Tiramisu with Frangelico

When it comes to dessert, I LOVE LAYERS!

And nothing compares to the love I have for this must-share recipe for Valentines Day or San Valentino!

Tiramisu, the epitome of Italian desserts, has more to offer than just layers of sweet mascarpone and savoiardi. It also has a rich and somewhat risqué history.

There are varying accounts as to where, when and who was genius enough to concoct what has undoubtedly become synonymous with Italian cuisine.

Five northern regions of Italy claim to be the birthplace of Tiramisu: Lombardia, Piemonte, Friuli-Venezia Giulia and Toscana. One such claim dates back as far as 17th century, Siena, Tuscany, when a cake was created in honor of the Grand Duke Cosimo III de’ Medici.

However, the more popular belief declares Veneto its official birthplace, specifically Le Beccherie, a restaurant located in Treviso. Its owners, the well-respected Campeol family, opened in 1939. The recipe is rumored to have been modified from that of the Renaissance.  Venetian prostitutes, or should I say, “ladies of the night”, supposedly used it as an energy/ performance boost in the bedroom.

Another more practical theory is that it was developed out of necessity. Rather than waste a slightly old cake, liquor was added to soften it, and then topped with mascarpone cream. And its appearance was of course a bit more rustic too. Tiramisu was originally made in a round serving dish, but over the years has been squared off—accommodating the natural shape of each and every ladyfinger.

Regardless of which story sounds more appealing, no love affair is complete without tragedy.

Le Beccherie Ristorante—this slice of history, has recently fallen victim to what some have called *a flattening of the world’s food culture and Italy’s financial crisis. Its doors officially closed in March of 2014, yet hope remains that the family will somehow continue their legacy. Whether or not they decide to sell is still unknown.

One thing is certain; the world’s love for tiramisu is still alive and well. So to show my love for one of the most prized culinary creations on this planet, I decided to make tiramisu. Only this time, I chose to incorporate Frangelico— the perfect liquid twist that strays from tradition—without rocking the gondola.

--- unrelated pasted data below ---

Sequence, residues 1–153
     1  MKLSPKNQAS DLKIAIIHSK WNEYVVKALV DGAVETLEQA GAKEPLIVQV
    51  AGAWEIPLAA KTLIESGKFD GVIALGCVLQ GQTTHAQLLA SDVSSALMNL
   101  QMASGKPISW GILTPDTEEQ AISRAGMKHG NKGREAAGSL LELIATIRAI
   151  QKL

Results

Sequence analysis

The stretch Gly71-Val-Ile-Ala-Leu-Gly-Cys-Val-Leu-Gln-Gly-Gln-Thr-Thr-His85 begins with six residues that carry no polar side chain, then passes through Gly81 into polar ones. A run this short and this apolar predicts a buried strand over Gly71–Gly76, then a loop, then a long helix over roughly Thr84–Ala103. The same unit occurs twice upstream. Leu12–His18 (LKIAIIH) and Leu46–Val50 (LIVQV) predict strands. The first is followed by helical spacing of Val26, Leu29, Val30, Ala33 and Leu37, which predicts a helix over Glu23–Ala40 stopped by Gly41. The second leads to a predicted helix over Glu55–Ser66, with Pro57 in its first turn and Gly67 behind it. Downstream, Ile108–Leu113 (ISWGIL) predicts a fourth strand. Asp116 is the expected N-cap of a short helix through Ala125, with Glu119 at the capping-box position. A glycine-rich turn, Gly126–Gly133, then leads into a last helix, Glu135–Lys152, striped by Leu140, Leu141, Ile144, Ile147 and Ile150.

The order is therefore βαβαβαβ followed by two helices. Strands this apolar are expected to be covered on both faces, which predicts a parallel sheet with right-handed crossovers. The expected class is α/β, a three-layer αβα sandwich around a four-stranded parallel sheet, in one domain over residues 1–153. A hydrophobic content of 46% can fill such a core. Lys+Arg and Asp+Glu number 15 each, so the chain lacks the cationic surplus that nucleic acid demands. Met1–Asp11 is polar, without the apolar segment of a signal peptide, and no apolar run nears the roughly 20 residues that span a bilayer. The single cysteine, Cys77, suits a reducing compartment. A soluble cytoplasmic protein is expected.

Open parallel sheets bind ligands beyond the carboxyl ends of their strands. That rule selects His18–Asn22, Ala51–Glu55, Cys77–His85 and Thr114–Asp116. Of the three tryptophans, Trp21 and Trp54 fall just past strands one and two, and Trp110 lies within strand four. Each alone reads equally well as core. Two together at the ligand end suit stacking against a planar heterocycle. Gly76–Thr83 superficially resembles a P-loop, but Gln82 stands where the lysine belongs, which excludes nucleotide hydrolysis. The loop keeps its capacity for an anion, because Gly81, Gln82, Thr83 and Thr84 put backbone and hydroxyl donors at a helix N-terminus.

For step by step instructions, check out my first video recipe here under the “How to” tab or visit my Youtube channel! And be sure to read these quick tips to make tiramisu.

For the inspiration behind this dessert, check out my latest blog post too:

QUICK TIPS:

  1. Raw eggs and mascarpone require speedy execution, otherwise we could be talking health risks. Prep your ingredients ahead of schedule and mind the clock.
  2. Speaking of eggs: Use only the best. Go organic and test them for freshness before use. Simply place an egg in a pot of water. If the egg sinks to the bottom, it’s a good egg indeed!
  3. Separate your sugar into three parts: Two equal portions, one for the egg yolks, one for the egg whites, and the last bit for your espresso (see recipe for quantities).
  4. Do not over soak the ladyfingers/ savoiardi: Breakage is very real. If you need to resize the savoiardi to fit the baking dish, have no fear. Simply cut them when dry, THEN soak them.
  5.  It pays to have patience: Make your tiramisu up to a day in advance, let the ingredients honeymoon overnight and prepare yourself for a foodgasm. If you wish to serve it the same day, then let it chill for at least 6 hours to marry all of those rich flavors.
  6. Store this in the refrigerator for no more than three days. You can also freeze it for up to a month. To defrost, simply refrigerate it the night before serving.

Buon appetito and lots of love!

*Crisi, chiude il ristorante dove nacque la prima ricetta del Tiramisù– quote from President Luca Zaio of Veneto

Tiramisu- Baking Dish- Scooped out

Photography: Irina Smirnova

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About Chef

LifeisaBowlofPasta

For Founder and Food Blogger, Jo Ann Tartaglia, there is more to food than what we see on our plates. "It not only feeds the body, but nourishes the soul ...

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